30 Jail for high quality wine investment scam

Twenty investors poured nearly $176,000 into the Assetton investment company to buy high-quality French wine so they could sell it for a profit in the future.

They received certificates apparently from Grand Cru Storage attesting that their wines were safely stored at a facility in Bordeaux, France.

But it was all a sham, a district court heard on Thursday. The certificates were fake and in many cases, no wine had been purchased.

Mastermind Mohan Nainan Nainan, 55, was jailed for 11 months after he pleaded guilty on Thursday to abetting in the forgery of the certificates and misappropriating the $176,000.

He was the director and a shareholder of Assetton, a firm he had founded in December 2007 to sell French wines as investments.

In 2009, he accepted $6,532 from an investor to purchase 12 bottles of fine wine. He had convinced her that she would be able to make a profit in three to five years' time.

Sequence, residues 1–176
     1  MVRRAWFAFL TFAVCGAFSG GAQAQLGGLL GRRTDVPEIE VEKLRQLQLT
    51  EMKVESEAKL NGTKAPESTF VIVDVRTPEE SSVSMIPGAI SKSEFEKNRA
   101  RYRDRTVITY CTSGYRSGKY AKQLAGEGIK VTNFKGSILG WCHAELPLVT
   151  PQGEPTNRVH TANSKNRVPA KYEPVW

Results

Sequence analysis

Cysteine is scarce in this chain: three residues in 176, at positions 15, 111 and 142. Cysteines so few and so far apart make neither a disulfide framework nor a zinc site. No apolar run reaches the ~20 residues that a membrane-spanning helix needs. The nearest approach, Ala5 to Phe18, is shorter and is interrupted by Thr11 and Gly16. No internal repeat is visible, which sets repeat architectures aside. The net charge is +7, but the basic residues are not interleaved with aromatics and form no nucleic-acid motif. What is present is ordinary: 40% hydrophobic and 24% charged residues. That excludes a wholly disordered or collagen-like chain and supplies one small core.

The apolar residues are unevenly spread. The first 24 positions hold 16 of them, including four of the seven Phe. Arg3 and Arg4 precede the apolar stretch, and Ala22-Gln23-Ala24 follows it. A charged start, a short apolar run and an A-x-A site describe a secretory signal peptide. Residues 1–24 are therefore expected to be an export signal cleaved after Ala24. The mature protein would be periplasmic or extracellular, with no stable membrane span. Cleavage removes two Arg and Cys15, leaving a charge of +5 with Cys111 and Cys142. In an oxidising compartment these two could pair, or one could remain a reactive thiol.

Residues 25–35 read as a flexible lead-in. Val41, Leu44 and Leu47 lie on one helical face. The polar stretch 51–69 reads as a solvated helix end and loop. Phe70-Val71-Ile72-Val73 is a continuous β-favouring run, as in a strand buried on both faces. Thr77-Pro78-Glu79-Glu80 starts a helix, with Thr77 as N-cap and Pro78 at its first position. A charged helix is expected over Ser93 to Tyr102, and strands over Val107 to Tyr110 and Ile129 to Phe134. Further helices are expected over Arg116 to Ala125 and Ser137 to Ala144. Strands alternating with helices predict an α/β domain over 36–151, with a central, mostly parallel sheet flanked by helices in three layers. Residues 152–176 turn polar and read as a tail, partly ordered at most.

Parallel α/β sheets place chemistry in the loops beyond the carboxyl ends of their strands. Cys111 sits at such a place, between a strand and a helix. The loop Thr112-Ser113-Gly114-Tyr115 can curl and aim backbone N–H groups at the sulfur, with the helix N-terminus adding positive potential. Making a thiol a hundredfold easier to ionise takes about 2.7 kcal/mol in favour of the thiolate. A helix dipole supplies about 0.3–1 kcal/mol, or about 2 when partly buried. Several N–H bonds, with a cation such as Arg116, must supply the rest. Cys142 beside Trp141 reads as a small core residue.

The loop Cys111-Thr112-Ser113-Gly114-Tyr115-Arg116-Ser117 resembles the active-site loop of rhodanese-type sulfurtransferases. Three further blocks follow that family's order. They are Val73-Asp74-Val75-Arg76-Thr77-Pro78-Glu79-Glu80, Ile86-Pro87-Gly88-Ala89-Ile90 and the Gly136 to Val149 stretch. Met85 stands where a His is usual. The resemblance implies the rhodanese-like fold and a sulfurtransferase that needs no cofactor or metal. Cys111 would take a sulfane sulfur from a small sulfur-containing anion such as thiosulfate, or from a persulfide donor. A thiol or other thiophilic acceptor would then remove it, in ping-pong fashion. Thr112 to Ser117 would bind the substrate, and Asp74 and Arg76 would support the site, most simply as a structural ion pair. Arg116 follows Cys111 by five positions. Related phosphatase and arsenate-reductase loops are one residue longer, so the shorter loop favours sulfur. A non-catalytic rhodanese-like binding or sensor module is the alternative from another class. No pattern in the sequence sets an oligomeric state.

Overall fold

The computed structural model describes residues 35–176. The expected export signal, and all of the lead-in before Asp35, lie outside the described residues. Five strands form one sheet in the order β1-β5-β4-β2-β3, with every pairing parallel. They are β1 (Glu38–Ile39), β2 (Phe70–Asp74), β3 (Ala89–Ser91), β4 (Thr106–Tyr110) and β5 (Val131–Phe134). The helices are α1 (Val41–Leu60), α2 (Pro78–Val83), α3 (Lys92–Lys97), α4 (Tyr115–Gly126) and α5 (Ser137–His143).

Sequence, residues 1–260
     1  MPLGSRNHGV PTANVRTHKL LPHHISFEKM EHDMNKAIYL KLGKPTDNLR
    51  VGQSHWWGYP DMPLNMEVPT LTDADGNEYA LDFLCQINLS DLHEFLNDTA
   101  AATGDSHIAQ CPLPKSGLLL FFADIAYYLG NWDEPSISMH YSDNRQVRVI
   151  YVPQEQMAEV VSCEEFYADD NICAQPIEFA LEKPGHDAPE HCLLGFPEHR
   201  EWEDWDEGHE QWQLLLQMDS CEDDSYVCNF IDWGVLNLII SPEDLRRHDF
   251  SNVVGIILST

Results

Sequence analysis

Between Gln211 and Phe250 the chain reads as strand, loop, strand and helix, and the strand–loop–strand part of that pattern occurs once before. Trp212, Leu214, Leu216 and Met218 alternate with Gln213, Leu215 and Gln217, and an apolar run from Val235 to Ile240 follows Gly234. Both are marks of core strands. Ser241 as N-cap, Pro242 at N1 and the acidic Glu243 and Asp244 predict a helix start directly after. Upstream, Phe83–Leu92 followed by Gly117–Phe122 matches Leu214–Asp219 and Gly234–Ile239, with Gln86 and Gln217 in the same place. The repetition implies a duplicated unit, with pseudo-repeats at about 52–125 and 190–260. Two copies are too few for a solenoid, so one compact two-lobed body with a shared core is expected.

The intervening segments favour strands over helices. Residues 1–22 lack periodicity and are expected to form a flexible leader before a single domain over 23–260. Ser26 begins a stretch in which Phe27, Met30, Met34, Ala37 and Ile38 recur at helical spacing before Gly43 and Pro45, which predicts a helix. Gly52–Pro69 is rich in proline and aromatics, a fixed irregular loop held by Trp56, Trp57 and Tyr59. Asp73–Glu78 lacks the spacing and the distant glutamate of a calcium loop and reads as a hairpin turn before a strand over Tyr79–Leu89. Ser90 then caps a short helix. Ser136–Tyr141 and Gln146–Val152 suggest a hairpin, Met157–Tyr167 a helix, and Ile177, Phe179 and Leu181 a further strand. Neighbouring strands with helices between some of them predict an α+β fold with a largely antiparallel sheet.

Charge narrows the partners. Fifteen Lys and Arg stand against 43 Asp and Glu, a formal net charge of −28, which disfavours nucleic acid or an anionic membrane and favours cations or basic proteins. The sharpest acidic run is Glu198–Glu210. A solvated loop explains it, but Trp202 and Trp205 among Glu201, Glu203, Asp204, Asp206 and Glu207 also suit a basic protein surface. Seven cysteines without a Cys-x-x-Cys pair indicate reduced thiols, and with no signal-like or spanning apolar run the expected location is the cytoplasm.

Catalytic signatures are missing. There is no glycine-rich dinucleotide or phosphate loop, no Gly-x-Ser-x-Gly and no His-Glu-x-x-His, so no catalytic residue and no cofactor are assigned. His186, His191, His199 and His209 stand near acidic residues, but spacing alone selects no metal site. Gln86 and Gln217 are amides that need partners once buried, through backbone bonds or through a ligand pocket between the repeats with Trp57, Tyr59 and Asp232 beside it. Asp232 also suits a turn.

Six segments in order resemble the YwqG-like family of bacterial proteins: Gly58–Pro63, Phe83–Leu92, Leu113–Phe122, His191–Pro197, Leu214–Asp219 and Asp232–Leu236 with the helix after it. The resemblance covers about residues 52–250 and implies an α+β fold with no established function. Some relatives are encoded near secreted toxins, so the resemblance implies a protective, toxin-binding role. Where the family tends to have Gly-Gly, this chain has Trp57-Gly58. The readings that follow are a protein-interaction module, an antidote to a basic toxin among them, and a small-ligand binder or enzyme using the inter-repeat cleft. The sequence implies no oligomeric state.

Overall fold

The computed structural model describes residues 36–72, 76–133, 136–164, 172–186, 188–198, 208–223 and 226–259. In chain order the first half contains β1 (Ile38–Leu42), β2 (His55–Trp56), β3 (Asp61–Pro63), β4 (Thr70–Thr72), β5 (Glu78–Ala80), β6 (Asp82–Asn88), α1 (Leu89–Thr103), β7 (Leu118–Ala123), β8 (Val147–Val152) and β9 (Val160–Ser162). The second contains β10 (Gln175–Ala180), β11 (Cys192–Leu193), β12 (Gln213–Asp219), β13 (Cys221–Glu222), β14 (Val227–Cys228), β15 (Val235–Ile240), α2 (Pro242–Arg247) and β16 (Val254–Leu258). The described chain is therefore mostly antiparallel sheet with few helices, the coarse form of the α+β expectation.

In January 2011, she instructed him to sell the wine. When she did not hear from him after six months, she checked with Grand Cru Storage and discovered that her bottles were not stored at its facility. Nainan had not bought the wine.

In another instance, he pocketed the payment for six bottles of Chateau La Mission Haut Brion 2000, six bottles of Chateau Lafite Rothschild 2000 and six bottles of Chateau Margaux 2000, which he sold for another investor. These wines were valued at more than $31,000.

Nainan also lied to the Registrar of Companies that his company's paid-up capital was $450,000. But the shareholders had not paid for the shares issued to them.

He was fined $7,000 for contravening the Companies Act.

Pleading for a lenient sentence, defence counsel Samuel Chacko, who represented Nainan pro bono, told the court that his client did not misappropriate the money for "personal enrichment" but to pay staff salaries and rent an office.

Deputy Public Prosecutor Muhamad Imaduddien pointed out that the sum embezzled was "significant" and no restitution had been offered.

His jail term was backdated to Jan 22, the date he was remanded. For forgery, he could have been jailed up to four years and fined up to $10,000.

Nainan could have been jailed for life and fined for the misappropriation offences, while contravening the Companies Act carries a fine of up to $50,000 and/or a jail term of up to two years.

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